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Managing your money

Being short on money each month can feel unsettling. But there are ways to meet your needs and stay out of debt. Use this helpful guide to learn about setting up and sticking to budgets to stay in control of your money.

illustration of person looking at a cash machine

Budgeting basics

Get to grips with all things budgeting and stay on top of your finances. Learn how to set and stick to a budget to strike a healthy balance between spending and saving.

Budgeting is a financial plan that you set up to help prioritise spending. By sticking to a budget, you can ensure you have enough for life’s essentials whilst also saving for the nice-to-haves.

Overspending can creep up on you. Try to look out for these signs and start on a budget sooner rather than later:

  • You’re struggling to pay bills, and avoiding the most important ones
  • Your credit cards are always maxed out
  • You’re spending when you know you shouldn’t
  • Money feels like a constant worry

Budgeting is fairly simple. Compare what you’d like to spend over a particular period with your monthly income. If those outgoings are more than your income, you’ll need to decide what to cut back on. If you have more money coming in than you spend, think about saving for a rainy day.

By getting into a routine you can quickly work out unnecessary spending, and opportunities to save.

Learning about and sticking to a budget is a good way to stay financially healthy. It allows you to:

  • Identify your spending habits so you can make changes
  • Spend on short-term necessities and save for longer-term niceties
  • Be prepared for unplanned costs like job loss or sick leave
  • Make smarter choices now to help you in the future

39% of adults don't feel confident managing their money

– Financial Capability Survey

Steps to stay ahead

Follow the steps below to help better manage your day-to-day and ongoing finances.

Set a timeframe and track all your spending honestly, grouping spending types into categories to help prioritise important things. Then try to control your spending with these smart steps:

  • Track small costs so they don’t add up over time
  • Prioritise needs over wants, cutting out little extras
  • Review regular bills and switch to a cheaper provider if possible
  • Set up a separate bank account with a direct debit for monthly bills

Starting a budget can take time, but it’s worth it. Jot down your essential needs and must-haves to help make sure you have enough money for the important things. Anything left over can be saved for treats or unexpected costs.

Then get started with our helpful budget planner. Gather your financial information, like payslips and bank statements, and set aside 30 minutes to complete it.

And remember, budgets can always be updated if your situation changes.

Check if your employer offers any budgeting support to ease the impact of money worries on your wellbeing. This may include:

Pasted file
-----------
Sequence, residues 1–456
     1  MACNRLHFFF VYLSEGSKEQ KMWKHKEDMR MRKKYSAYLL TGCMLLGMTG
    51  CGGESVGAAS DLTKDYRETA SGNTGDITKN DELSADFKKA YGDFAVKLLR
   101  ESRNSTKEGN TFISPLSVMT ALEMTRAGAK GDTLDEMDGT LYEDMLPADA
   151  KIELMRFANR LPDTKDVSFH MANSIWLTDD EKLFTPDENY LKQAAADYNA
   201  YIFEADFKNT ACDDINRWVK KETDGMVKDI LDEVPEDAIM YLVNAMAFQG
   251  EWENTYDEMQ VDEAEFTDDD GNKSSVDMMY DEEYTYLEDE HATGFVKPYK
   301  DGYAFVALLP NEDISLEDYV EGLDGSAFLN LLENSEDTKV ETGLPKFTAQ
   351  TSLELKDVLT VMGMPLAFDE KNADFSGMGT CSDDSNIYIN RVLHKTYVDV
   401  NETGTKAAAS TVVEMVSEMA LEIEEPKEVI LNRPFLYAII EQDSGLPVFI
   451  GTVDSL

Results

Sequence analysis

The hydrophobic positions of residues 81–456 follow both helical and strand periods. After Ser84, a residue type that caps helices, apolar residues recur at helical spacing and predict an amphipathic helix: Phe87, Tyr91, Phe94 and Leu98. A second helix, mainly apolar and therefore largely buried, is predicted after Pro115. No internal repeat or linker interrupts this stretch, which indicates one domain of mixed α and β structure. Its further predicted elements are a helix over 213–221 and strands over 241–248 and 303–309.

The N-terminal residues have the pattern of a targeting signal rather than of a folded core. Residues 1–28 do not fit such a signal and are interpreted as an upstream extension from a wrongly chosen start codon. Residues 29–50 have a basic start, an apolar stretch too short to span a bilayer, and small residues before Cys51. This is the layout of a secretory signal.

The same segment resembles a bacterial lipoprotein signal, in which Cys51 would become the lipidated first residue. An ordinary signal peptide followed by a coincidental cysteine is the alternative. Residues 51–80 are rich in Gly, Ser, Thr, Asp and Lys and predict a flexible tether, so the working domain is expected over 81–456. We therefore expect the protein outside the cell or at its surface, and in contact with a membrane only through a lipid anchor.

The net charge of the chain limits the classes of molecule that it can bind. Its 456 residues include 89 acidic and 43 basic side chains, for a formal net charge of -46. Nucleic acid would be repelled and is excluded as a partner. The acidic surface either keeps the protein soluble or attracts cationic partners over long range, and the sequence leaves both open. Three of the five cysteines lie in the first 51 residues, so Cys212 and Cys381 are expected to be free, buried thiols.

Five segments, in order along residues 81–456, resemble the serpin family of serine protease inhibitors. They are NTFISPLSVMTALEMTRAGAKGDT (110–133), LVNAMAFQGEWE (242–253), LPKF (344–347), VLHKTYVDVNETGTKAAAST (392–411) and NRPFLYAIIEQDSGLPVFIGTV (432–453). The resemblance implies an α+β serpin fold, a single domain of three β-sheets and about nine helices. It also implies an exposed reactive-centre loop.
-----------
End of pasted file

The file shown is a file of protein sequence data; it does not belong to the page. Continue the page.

• Season ticket loans
  • Saving schemes
  • Financial resilience support, which may be available via your intranet
  • An Employee Assistance Programme (EAP) for specialist advice

Planning is a powerful budgeting tool. Follow these steps to help make sure you can afford to spend on life’s bigger moments:

  • Write down big upcoming expenses to avoid panic buying and potential higher costs
    Set up price alerts and use online price comparison sites for the best deals
  • If you’re on a low income and qualify for benefits, ask your local authority about a budgeting loan for things like furniture. Just make sure you’ll be able to afford the repayments first
  • Plan ahead to save money on days out. Make a picnic or look for deals on daytime attractions. Money Saving Expert has some great ideas

Make small changes to help reduce your energy costs, with MoneyHelper’s tips for renters and owners.

Stay healthy on your plates and in your pocket by reducing your weekly shop costs with these smart tips:

  • Plan ahead with a list and try to stick to it
  • Avoid shopping when you’re hungry
  • Bulk out any meat dishes with more vegetables or pulses
  • Stock up on more affordable frozen fruit and vegetables
  • Keep an eye out for vouchers and sale items
  • Choose store brands instead of big names. They usually taste the same!
  • Try fruit or yoghurts as a cheaper alternative to prepackaged snacks

Focus on priority debts like rent, mortgage or bills to avoid penalties or legal action. And don’t take on any more debt while you’re figuring things out – it’ll only make things worse.

Speak to your lender about a payment break to help with any income gaps or debt. You may also be able to extend the payment period for your Council Tax, water bills and TV licence fees to 12 months instead of the standard 10. Mortgage providers may offer a temporary payment holiday or loan extension, meaning smaller payments over a longer time.

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